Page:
With the Dow Jones Industrial Average soaring past the 20,000 mark, there isn't a lot of value to be found in today's market. However, even during times of market euphoria, there are still a handful of stocks on the market trading at dirt-cheap valuations. 

Let's take a closer look at three ridiculously cheap stocks that also pay dividends -- Pitney Bowes (NYSE:PBI)Western Union (NYSE:WU), and AbbVie (NYSE:ABBV) -- to see if any could be worth buying today.

hands holding up letters to spell out the word "discount."

Image source: Getty Images.

A company in transition

Once upon a time, Pitney Bowes was a red-hot growth stock. The company held a dominant market position in the business mailing industry, which helped drive decades of revenue and profit growth. 

New technologies, however, such as the fax machine, emails, and text messages have slowly eroded the demand for Pitney Bowes' products. When adding in competitive pressures from companies such as Stamps.com, it's easy to understand why the company's top and bottom lines have been steadily declining for years. In turn, long-term shareholders have been dealt a lot of pain.

PBI Revenue (TTM) Chart

PBI Revenue (TTM) data by YCharts

But now Pitney-Bowes' management team believes it has a realistic plan to regain the company's former glory. The company has been investing heavily in building out its software offerings in an effort to better compete in the digital age. Given the company's size and relationships, management is hopeful that businesses will sign up and that the company will soon return to growth mode.

Changing business models is never easy, so it's understandable that Wall Street is skeptical. As a result, the company's shares are currently trading for just 7 times forward earnings, and its dividend yield has soared to 5.6%. However, given the company's history of failing revenue and profit, I have a hard time feeling bullish about this stock.

An eroding competitive advantage

If you've ever sent money to a friend or family member over a long distance, there's a good chance you dealt with Western Union. This century-old business had an enormous worldwide network of money-transfer locations that made it the go-to place for millions of consumers for decades. With immigration on the rise and the world becoming increasingly more connected, Western Union appeared to be well positioned for growth.

Still, the thesis for owning Western Union's stock hasn't panned out. While demand for money-transfer services continues to rise, consumers are increasingly turning to low-cost internet providers, such as PayPal's Xoom, in lieu of visiting a Western Union. To retain its market share, Western Union has been forced to give in on pricing. That necessity has caused the company's net income to plunge at a far faster rate than revenue.

WU Revenue (TTM) Chart

WU Revenue (TTM) data by YCharts

The company's dwindling competitive position has caused market watchers to turn quite bearish on the stock. Shares are currently trading for only 11 times forward earnings, which is quite cheap for a company that's debt free, cranking out cash flow, and paying a meaty 3.6% dividend. 

Still, it's hard to see how the company can get its bottom line moving in the right direction again, given the increasingly competitive landscape. This stock could be a value trap and probably one to avoid. 

Revenue concentration issues

Standing in stark contrast to Pitney Bowes and Western Union, pharma giant AbbVie hasn't seen its revenue and profit stagnate over the past few years. In fact, AbbVie's revenue and earnings have both been growing at double-digit rates for years. Better yet, AbbVie's management team recently stuck its neck out and projected that the double-digit growth rates would continue annually between now and 2020. Believe it or not, Wall Street agrees with this forecast and is predicting earnings growth of more than 14% annually over the next five years.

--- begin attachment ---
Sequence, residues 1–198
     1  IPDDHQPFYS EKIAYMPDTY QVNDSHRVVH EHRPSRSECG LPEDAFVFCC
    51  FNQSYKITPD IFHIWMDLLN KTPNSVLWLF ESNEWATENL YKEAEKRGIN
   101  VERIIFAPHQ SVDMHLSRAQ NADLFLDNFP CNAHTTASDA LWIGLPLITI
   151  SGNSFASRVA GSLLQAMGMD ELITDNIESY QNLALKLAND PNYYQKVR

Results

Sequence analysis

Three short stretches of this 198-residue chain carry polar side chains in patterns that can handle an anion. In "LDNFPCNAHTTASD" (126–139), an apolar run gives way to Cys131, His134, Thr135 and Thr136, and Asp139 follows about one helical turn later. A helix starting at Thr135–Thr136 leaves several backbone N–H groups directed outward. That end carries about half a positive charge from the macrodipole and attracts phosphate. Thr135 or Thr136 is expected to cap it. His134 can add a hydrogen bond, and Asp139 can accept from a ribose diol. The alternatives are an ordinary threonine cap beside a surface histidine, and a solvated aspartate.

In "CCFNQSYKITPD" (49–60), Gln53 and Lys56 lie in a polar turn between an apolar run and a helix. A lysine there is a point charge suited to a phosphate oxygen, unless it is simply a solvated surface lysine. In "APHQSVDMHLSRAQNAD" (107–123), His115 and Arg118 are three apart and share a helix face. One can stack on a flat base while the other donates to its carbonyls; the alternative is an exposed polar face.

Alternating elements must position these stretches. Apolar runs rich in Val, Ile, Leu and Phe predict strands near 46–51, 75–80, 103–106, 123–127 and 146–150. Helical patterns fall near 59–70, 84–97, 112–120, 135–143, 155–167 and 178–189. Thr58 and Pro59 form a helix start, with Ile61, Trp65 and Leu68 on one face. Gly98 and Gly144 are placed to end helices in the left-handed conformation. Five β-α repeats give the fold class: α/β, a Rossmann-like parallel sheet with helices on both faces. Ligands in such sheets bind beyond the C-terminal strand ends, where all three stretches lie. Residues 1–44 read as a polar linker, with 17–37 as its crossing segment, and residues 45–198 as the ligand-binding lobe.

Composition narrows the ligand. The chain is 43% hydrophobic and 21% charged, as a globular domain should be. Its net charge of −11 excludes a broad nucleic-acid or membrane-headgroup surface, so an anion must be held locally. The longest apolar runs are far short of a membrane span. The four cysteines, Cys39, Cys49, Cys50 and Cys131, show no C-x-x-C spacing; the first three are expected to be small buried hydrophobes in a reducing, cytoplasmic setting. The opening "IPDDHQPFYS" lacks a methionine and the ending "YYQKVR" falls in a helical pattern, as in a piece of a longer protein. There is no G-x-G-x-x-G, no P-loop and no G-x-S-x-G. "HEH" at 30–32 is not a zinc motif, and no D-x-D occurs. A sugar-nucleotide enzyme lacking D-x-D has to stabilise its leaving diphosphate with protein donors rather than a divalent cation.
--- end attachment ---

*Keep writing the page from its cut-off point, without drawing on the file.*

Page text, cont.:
So why is AbbVie trading for less than 10 times forward earnings? While I'm sure the political rhetoric surrounding drug prices and the repeal of the Affordable Care Act is weighing on the stock, I think the markets are far more concerned about the long-term future of AbbVie's best-selling drug, Humira.

To call Humira important to AbbVie's future would be a huge understatement. While AbbVie generated more than $25 billion in global sales last year, a full $16 billion of that amount -- or nearly two-thirds of the total -- was derived from Humira. That means a great deal of AbbVie's value is directly tied to the future success of this anti-inflammatory drug, so if Humira were to stumble, so, too, would AbbVie's stock. 

Dollar bills in pill packaging.

Image source: Getty Images.

Many other big pharma stocks want a part of that Humira revenue, which is why there are a few biosimilar drug candidates in development. While AbbVie has so far been able to fend off the potential competition by using the legal system, that situation can't go on forever. 

AbbVie knows that to be the case, why is why it's investing in other drugs, including Imbruvica, Ceron, and Venclexta, in an effort to help diversify the company's revenue stream. However, that diversification will probably take a long time, given Humira's dominance, so it's understandable why this fast-growing stock is trading so cheaply.

Are any worth buying?

While all three stocks offer investors reasons to be cautious, I can't help feeling that only AbbVie might be worth buying today. Humira looks protected for the next few years, allowing the company to probably remain in growth mode. Add in a 4% dividend yield and a cheap valuation, and it's hard to blame value investors for being attracted to this stock.